In a series of new treaties the U.S. government made Native Americans to surrender their land and move to reservations in exchange for protection from attacks by white settlers. In addition, the Indians were given a yearly stipend that would include money in addition to foodstuffs, livestock, household goods and farming tools. These reservations were established in an attempt to pave the way for heightened U.S. expansion and involvement in the West, as well as to keep the Native Americans separate from the whites in order to lessen the chance for friction.

     

    History of the Plains Indians


    These deals had many problems. Most significantly many of the native people did not altogether grasp the document that they were confirming or the conditions within it; moreover, the treaties did not acknowledge the cultural norms of the Native Americans. In addition to this, the government agencies responsible for administering these policies were weighed down with poor management and corruption. In fact many treaty conditions were never implemented.

    The U.S. government almost never held up their side of the agreements even when the Native Americans relocated quietly to their reservations. Dishonest bureau agents frequently sold off the supplies that were meant for the Indians on reservations to non-Indians. Additionally, as settlers demanded more land in the West, the government continually cut the size of reservation lands. By this time, most of the Native American peoples were dissatisfied with the treaties and angered by the settlers’ endless appetite for land.

     

    A Look at Native American Symbols


    Angered by the government’s dishonest and unjust policies, several Native American tribes, including bands of Cheyennes, Arapahos, Comanches and Sioux, fought back. As they fought to protect their territories and their tribes’ survival, over a thousand skirmishes and battles broke out in the West between 1861 and 1891. In an attempt to make Native Americans onto the reservations and to end the violence, the U.S. government reacted to these skirmishes with costly military operations. Clearly the U.S. government’s Indian regulations were in need an adjustment.

     

    Find Native American Indian Music in Cassville, PA


    iroquois indian serving union forces in the civil warNative American policy shifted dramatically following the Civil War. Reformers felt that the policy of pushing Native Americans into reservations was far too severe even though industrialists, who were concerned with their land and resources, considered assimilation, the cultural absorption of the American Indians into “white America” to be the sole long-term means of assuring Native American survival. In 1871 the federal government enacted a critical law stating that the United States would not treat Native American tribes as sovereign entities.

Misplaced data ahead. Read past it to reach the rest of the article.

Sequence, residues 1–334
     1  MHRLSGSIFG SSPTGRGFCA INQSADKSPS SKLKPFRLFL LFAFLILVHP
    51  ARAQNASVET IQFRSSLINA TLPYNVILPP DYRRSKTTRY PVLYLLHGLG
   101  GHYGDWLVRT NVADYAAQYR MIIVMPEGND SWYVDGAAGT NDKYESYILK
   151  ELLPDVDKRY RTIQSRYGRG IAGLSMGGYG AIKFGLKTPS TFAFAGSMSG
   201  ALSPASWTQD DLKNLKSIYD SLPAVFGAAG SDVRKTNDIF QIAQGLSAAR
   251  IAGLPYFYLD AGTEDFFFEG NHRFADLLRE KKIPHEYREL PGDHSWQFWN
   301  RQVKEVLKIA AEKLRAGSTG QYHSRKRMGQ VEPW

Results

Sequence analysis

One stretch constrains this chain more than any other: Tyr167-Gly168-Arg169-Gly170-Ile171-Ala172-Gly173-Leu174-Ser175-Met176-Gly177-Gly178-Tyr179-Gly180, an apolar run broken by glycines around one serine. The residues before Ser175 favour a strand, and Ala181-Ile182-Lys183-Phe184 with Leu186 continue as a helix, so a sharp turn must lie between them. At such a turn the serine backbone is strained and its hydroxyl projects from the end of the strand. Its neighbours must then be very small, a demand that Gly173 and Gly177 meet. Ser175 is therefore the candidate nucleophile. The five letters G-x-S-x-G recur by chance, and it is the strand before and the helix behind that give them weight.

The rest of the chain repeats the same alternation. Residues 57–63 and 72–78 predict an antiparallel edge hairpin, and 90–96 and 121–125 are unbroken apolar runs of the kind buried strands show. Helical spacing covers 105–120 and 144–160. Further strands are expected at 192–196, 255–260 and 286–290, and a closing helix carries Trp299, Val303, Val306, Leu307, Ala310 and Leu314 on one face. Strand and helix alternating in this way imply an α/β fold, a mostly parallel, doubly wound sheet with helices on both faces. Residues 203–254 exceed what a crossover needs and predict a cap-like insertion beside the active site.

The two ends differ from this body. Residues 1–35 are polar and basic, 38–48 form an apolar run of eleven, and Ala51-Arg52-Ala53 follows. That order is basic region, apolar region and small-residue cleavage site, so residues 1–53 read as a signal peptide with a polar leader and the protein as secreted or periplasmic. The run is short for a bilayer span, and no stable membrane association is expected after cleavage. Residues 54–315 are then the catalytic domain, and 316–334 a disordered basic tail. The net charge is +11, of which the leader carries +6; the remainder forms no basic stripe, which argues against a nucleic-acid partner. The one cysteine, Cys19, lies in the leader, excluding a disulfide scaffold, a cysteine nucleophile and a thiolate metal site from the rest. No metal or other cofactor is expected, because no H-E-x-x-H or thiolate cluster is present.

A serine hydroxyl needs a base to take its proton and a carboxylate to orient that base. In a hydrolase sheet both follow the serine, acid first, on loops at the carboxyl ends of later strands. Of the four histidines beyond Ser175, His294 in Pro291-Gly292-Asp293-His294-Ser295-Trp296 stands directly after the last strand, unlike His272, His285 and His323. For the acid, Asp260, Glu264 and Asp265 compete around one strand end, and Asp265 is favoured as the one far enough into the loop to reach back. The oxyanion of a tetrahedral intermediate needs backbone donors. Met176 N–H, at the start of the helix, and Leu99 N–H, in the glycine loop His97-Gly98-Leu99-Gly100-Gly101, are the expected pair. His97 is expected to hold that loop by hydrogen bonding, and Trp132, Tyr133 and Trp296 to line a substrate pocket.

This legislation signaled a significant shift in the government’s working relationship with the native peoples – Congress now deemed the Native Americans, not as countries outside of its jurisdictional control, but as wards of the government. By making Native Americans wards of the “” government, Congress presumed that it would be better to make the policy of assimilation a broadly acknowledged part of the cultural mainstream of America.

     

    More On American Indian History


    Many U.S. government administrators looked at assimilation as the most practical remedy for what they deemed “the Indian problem,” and the sole lasting strategy for insuring U.S. interests in the West and the survival of the American Indians. In order to accomplish this, the government pressed Native Americans to relocate out of their traditional dwellings, move into wooden buildings and grow into farmers.

    The federal government enacted laws that pressed Native Americans to quit their usual appearance and lifestyle. Some laws banned traditional religious practices while others required Indian males to cut their long hair. Agents on more than two-thirds of American Indian reservations organized courts to enforce federal polices that often restricted traditional cultural and religious practices.